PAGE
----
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Sherlock Holmes Stories

I started my career writing Sherlock Holmes stories in the vein of Doyle’s originals. In fact, “The Mystery of the Last Line” was part of my application to graduate school. Now I’m glad to be able to share it and these other stories with you.

The New Sherlock Holmes Adventures

Featuring the stories:

“Sherlock Holmes and the Monumental Horror”
“Sherlock Holmes and the Adventure of Ichabod Reed”
“Sherlock Holmes and the Mystery of the Last Line”

Previously sold separately, now collected under this one cover.

Buy the Ebook:
Amazon (US)
Amazon (UK)

Audiobook:
Audible (US)
Audible (UK)

(Also available on iTunes)

 
“Professor Moriarty and the Demented Detective”

What if Professor Moriarty wasn’t the villain Holmes made him out to be? This story suggests a different point of view.

Buy the Ebook:
Amazon (US)
Amazon (UK)

Out of Print
(But available via The New Sherlock Holmes Adventures above)

Sherlock Holmes and the Mystery of the Last Line

When Holmes rousts Watson and Mrs Hudson from their beds early one morning, they follow him without question, only to land at the estate of Holmesweald, Holmes’s childhood home. Holmes has brought them there to see him through the process of ending his cocaine habit. Meanwhile, Watson discovers a diary that he is sure can help him solve the greatest mystery yet—that of Sherlock Holmes himself.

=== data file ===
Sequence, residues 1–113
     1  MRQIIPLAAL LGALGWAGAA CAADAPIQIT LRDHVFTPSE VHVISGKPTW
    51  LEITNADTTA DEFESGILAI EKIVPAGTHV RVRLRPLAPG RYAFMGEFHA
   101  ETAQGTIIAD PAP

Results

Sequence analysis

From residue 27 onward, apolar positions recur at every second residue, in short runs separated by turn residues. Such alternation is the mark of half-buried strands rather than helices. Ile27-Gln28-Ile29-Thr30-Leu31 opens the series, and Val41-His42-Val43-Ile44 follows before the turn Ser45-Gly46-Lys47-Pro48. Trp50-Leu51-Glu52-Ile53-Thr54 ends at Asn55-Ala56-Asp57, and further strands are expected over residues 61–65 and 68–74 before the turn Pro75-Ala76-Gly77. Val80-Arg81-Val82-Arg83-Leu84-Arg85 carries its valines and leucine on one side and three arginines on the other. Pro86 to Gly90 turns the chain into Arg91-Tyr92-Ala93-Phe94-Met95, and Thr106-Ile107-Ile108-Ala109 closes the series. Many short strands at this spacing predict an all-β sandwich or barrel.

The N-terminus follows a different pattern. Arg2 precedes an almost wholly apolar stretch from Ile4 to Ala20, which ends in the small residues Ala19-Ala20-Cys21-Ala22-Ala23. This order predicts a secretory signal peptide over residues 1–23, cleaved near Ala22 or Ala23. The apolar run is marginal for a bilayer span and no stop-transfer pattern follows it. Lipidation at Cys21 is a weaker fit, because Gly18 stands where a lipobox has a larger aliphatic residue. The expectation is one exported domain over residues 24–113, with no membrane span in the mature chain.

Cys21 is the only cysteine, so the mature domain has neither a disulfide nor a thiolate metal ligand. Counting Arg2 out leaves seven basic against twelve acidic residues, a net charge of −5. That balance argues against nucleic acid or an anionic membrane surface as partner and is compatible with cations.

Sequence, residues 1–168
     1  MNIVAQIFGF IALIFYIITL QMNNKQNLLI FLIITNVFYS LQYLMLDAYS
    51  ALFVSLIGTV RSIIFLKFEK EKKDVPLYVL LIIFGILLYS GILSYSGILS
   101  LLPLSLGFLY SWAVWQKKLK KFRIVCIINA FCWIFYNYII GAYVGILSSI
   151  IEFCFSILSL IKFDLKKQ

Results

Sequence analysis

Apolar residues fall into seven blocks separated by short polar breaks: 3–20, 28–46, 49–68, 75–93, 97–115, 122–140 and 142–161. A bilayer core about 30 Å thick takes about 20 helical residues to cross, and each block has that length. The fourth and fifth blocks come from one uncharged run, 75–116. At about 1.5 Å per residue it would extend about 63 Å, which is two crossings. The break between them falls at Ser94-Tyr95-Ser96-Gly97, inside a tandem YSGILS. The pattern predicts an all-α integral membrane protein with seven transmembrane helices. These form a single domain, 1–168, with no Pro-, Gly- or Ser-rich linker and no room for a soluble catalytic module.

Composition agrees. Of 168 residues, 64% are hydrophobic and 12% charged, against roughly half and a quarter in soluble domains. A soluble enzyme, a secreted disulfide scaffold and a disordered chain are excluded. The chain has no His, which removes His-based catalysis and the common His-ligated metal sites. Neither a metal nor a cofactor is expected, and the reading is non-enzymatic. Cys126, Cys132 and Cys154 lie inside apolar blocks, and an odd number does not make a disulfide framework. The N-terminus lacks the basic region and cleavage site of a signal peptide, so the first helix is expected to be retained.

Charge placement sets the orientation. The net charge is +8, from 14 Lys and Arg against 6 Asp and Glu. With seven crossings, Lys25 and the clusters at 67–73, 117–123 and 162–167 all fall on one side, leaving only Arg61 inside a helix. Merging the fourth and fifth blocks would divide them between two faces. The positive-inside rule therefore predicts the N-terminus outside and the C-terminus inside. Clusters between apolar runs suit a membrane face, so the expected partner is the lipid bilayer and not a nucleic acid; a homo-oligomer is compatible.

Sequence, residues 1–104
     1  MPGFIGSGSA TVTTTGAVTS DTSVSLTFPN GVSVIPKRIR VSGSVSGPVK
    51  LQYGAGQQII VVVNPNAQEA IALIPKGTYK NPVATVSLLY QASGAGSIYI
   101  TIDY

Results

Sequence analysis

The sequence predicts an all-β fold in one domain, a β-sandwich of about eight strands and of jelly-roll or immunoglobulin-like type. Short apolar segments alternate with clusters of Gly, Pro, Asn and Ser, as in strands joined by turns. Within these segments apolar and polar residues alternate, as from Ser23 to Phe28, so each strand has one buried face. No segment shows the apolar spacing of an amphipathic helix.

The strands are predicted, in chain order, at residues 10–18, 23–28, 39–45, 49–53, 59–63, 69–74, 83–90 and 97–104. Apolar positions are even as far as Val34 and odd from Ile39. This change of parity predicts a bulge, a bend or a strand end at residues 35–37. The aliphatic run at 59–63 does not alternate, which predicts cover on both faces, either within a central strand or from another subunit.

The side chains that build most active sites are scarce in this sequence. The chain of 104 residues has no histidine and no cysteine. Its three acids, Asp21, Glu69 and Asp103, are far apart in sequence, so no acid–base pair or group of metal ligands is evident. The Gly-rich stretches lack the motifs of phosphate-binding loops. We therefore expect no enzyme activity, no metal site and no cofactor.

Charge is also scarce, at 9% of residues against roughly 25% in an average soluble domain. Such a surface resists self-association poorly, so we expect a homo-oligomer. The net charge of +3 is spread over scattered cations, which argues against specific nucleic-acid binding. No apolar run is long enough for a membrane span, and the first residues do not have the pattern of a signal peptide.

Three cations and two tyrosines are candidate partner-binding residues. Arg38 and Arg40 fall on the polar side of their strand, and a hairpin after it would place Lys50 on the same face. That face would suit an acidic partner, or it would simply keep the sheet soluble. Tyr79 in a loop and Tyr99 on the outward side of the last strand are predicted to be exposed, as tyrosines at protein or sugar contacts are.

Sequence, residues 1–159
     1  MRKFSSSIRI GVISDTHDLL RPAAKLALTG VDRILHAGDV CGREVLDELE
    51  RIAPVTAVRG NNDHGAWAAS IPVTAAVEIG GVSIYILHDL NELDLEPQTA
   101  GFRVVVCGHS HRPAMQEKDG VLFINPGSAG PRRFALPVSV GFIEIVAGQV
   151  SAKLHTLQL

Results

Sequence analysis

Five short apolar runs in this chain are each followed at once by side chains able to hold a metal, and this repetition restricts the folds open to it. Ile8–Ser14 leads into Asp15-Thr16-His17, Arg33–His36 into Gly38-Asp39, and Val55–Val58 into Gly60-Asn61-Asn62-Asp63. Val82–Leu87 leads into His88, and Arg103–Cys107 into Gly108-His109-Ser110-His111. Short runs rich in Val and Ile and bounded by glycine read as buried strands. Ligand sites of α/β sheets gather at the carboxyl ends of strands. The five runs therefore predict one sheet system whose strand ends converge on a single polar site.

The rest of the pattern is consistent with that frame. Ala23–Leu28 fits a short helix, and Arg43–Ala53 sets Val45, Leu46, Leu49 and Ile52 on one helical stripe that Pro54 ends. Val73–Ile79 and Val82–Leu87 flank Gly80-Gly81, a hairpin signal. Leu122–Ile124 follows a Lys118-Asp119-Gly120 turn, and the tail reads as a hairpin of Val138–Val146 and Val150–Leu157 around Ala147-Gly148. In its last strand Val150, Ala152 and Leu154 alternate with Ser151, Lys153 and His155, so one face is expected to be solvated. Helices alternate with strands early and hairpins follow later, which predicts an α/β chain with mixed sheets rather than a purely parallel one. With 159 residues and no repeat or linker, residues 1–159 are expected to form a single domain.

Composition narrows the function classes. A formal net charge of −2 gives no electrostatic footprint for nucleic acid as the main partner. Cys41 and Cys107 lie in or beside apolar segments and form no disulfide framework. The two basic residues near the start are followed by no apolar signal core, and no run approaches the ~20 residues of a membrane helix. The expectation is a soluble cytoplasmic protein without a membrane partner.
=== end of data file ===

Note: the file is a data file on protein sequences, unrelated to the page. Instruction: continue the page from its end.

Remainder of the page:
Sherlock Holmes and the Adventure of Ichabod Reed

“The man is the mystery.” So says young Malcolm Durstwell when he comes to Baker Street in hopes of discovering the truth about the man who has inherited his uncle’s estate—a man no one has ever heard of or seen. Sherlock Holmes is inclined to dismiss the case . . . until Malcolm Durstwell himself is found dead shortly after his visit. Is it a coincidence? Or has the nameless, faceless Ichabod Reed gone so far as to commit murder? And if so, how can Holmes identify him and bring him to justice?

Sherlock Holmes and the Monumental Horror

When Elise Clayworth disappears from a hotel room in Paris, Holmes and Watson work against a seeming dearth of clues: no ransom has been demanded, no one has seen or heard anything, and there appears to be no way out of the hotel without being seen. Only a small bit of masonry in Miss Clayworth’s room can shed light on what happened to her. Can Holmes deduce the lady’s whereabouts before it is too late?